There’s a Black Panther party going on all around the country.
Superhero fans, movie fans and especially connoisseurs of Black culture — American and African — are all eagerly awaiting the debut of Marvel’s “Black Panther” movie starring comic book’s first Black superhero with an enthusiasm not often seen in American cinema.
“Black Panther” viewing parties are already being scheduled around the country for its February release, smack dab in the middle of Black History Month. There are lines of clothing based on the movie’s African style being prepared — the bright colors and Afrofuturism styles of Wakanda are in for the spring. And Grammy-winning rapper Kendrick Lamar was just named to produce the soundtrack.
But for some fans, none of that matters because the Black Panther holds a unique position in the superhero world and especially in the African and Black diaspora.
“As the father of two little Black boys I’m super excited to have a superhero that looks like them on screen,” said Glen Greezy of New York City, who along with more than 900 of his friends on Facebook, plan to hit Times Square and see the movie together on opening weekend. “Other superheroes are great and I see their movies too, but something about having a Black man as the main character in a superhero movie is extra appealing.”
“Black Panther,” starring Chadwick Boseman as the eponymous superhero, opens on February 16, picking up the adventures of the newly crowned African king and superhero who debuted in 2016′s “Captain America: Civil War.” Existing in the same shared universe as Iron Man, the Hulk, Captain America and Spiderman, the Panther, however, is African royalty and his adventures center around his futuristic hidden homeland of Wakanda, considered to be the most technologically advanced nation on Marvel’s earth. In the new movie, T’Challa, the Black Panther’s real name, must battle long-time adversaries with the aide of his all-female bodyguards and a CIA agent to maintain control of his country and prevent a world war.
Directed by Ryan Coogler, it also has an all-star cast including Angela Bassett, Lupita Nyong’o, Michael B. Jordan, Forest Whitaker, Danai Gurira, Sterling K. Brown and more.
“‘Black Panther’ is just going to be really special. … I don’t plug into film anticipation. But I can feel it. A lot of my friends have asked me to go to the premiere! Everyone in my network is excited about it, and you can feel it when they’re not,” said Daniel Kaluuya, the “Get Out” star who also is featured in “Black Panther,” told The Associated Press recently.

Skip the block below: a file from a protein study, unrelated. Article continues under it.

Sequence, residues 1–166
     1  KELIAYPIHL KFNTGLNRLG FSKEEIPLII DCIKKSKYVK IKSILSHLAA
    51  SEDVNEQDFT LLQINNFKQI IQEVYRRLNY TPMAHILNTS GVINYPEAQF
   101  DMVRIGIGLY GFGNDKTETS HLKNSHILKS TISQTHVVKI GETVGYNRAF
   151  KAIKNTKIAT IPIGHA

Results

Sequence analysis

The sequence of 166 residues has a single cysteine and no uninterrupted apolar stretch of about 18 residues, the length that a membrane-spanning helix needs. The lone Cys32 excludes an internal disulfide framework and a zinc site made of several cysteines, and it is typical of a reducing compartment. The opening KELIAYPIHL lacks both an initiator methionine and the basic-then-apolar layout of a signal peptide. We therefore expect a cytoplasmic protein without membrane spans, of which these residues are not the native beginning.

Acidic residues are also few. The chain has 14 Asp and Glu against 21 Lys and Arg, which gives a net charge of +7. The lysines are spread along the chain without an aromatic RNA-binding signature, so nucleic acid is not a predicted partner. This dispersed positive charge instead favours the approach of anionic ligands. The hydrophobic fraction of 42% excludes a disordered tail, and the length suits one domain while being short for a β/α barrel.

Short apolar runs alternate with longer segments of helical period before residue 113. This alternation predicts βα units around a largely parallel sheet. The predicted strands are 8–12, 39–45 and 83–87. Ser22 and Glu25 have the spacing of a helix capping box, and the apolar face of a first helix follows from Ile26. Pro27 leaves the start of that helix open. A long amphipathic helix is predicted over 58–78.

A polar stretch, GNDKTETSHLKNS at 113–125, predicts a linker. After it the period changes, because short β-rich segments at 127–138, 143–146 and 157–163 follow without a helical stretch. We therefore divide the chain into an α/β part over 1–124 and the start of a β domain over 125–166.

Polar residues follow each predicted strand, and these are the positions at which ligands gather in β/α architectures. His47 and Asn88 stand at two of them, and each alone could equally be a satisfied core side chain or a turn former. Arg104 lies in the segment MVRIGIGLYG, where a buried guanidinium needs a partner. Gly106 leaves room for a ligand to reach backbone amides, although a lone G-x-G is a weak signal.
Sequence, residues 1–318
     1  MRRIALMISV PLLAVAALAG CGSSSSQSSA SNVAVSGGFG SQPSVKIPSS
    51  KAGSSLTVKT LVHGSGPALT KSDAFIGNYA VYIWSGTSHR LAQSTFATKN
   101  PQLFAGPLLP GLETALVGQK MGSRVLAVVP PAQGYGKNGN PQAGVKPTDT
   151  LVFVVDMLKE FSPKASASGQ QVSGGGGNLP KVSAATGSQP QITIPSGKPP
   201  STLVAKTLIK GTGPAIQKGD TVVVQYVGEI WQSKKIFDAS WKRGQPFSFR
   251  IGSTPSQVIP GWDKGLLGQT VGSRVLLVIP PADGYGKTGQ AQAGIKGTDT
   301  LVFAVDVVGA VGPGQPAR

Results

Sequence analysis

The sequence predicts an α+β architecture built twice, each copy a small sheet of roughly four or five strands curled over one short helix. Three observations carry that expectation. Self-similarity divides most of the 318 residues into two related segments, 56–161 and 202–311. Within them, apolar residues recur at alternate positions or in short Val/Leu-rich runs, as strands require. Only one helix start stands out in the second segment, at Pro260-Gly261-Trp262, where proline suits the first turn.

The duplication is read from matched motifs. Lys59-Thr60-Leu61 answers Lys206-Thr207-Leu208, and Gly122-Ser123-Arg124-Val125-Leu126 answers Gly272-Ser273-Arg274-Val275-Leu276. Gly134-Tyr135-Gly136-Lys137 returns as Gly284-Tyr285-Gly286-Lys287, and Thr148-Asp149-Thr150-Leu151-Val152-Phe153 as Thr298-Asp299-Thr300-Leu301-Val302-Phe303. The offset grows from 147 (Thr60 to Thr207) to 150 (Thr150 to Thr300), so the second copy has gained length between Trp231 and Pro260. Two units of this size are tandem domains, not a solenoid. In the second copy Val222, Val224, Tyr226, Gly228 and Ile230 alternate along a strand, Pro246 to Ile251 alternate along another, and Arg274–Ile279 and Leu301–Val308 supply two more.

The internet explodes each time a new trailer, poster or piece of artwork debuts from the movie, sparking hashtags like #BlackPantherSoLit and #WelcometoWakanda. Twitter declared that Black Panther was one of the most tweeted-about movies of 2017, and the only movie on the list that hadn’t premiered yet.
“Do we really have to wait until February!” lamented Elwood L. Robinson, chancellor of Winston-Salem State University in Winston-Salem, North Carolina, on Twitter while sporting a Black Panther t-shirt.
Groups like MALIK Fraternity Inc., the first collegiate fraternity founded on the concept of African fraternalism, in Charlotte, North Carolina and the Intentional Community Building Collective and Leaders of a Beautiful Struggle in Baltimore, are assembling discussion panels on the movie’s themes.
Created by Stan Lee and Jack Kirby, the minds behind Spider-Man, the Fantastic Four and other Marvel comics, the Black Panther holds a unique position in comic book history. While not the first Black comic book hero — the first Black character to headline his own comic book was Dell Comics’ Western hero and gunfighter Lobo in 1965 — the Black Panther is considered the first Black superhero, introduced as a supporting character in Fantastic Four in 1966 and later featured in his own book.
There has been a renaissance with Black superheroes on television as well. “Black Lightning” debuts on the CW on January 16 featuring an educator who gains electrical powers and becomes a superhero. “Luke Cage,” a television show about a former convict with superhuman strength and unbreakable skin, premiered on Netflix in 2016 and will begin a second season later this year.
Cage debuted in a self-titled comic book “Luke Cage, Hero for Hire” in 1972 with an exaggerated Afro and a catchphrase “Sweet Christmas!” He was followed by Black Lightning in a DC comic book in 1977.
There have been other black superhero movies — Wesley Snipes starred as the vampire slayer Blade in one of the first Marvel movies, and Robert Townsend starred in a comedic parody of superheroes in “Meteor Man” — but their movies did not bring out the enthusiasm that Black Panther is seeing.
“What is significant now, however, is that this age of convergence of film franchises with social media, a Black superhero movie with an almost all-Black cast conveys power, that we have arrived. It’s evolution,” said Christopher Chambers, a Georgetown University media studies professor.
AP Film Writer Jake Coyle contributed to this report.
Jesse J. Holland covers race and ethnicity for The Associated Press. Contact him at email@example.com, on Twitter at http://www.twitter.com/jessejholland or on Facebook at http://www.facebook.com/jessejholland. You can read his stories at AP at http://bit.ly/storiesbyjessejholland . He is also the author of “Black Panther: Who Is The Black Panther?”